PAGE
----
Charlotte Water is running a renewable diesel pilot project, operating 34 diesel vehicles on 100 percent renewable fuel…
March 20, 2019 | The News-Review
The night the lights went out in Roseburg, backup generators kept the lights and equipment on at CHI Mercy Medical Center.
After the snowstorm hit on Feb. 24, the hospital lost electrical service for just less than 24 hours, from 1 a.m. Feb. 25 to about 12:30 a.m. the next day. That was much less time than most residences and businesses in the area, but the hospital still needed backup power for life support equipment and other essential machines, and it had it, thanks to some large generators that can keep the vital equipment running for several days if needed.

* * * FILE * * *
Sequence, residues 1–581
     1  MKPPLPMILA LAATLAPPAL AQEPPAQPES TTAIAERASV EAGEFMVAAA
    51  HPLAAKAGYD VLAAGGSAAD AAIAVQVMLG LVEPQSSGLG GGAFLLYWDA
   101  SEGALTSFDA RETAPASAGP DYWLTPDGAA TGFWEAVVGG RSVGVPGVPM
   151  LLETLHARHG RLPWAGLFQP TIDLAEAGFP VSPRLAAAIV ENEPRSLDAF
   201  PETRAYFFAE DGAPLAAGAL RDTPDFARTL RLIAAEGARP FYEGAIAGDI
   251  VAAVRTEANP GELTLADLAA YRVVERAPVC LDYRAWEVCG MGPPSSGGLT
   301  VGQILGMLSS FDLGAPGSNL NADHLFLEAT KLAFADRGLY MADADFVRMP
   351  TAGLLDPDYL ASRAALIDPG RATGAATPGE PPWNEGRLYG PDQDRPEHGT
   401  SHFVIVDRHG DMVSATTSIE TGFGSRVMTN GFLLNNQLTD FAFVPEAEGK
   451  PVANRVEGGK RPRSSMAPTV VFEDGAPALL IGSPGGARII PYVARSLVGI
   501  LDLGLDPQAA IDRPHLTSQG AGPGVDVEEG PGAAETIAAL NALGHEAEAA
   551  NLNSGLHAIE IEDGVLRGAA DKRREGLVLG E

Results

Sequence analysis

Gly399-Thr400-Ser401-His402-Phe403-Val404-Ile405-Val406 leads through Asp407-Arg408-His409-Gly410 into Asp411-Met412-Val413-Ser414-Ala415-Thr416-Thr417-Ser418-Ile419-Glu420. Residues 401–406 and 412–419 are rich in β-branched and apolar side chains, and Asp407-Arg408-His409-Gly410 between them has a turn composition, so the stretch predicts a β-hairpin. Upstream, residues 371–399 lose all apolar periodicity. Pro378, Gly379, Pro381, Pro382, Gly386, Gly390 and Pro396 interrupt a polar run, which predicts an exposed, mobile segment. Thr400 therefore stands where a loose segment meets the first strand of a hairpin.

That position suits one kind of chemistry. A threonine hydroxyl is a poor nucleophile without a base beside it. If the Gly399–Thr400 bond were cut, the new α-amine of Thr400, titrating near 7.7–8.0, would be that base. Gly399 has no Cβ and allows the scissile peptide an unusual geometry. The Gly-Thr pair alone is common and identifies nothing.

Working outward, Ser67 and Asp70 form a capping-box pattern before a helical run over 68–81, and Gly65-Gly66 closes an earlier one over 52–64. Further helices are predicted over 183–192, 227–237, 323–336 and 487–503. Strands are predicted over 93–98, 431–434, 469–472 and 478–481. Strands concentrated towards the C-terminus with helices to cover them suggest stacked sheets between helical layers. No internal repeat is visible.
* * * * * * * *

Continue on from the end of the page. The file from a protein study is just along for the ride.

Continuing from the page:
When the hospital has to go to generator power, it will run about 40 percent of everything in the hospital.
Boswell said the hospital was lucky to only have the power off for a day, but they are always prepared for about 30 days if necessary.
Mercy has two 800 kilowatt generators — a primary and a secondary. There is also one 500 kilowatt generator that is dedicated to running just the surgery center.
When the power went out, Allen said the generators did what they were supposed to do.
“They didn’t miss a beat,” he said.
A 15,000-gallon tank stores diesel underground and a 200-gallon tank that sits by the generators is automatically filled from the larger tank.
“(The system) burns about 500 gallons a day and with 15,000-gallon tanks, we can run up to 30 days on what we have,” Taylor said.
If the fuel tanks would get to the point where more diesel is needed, the hospital is at the top of the priority list.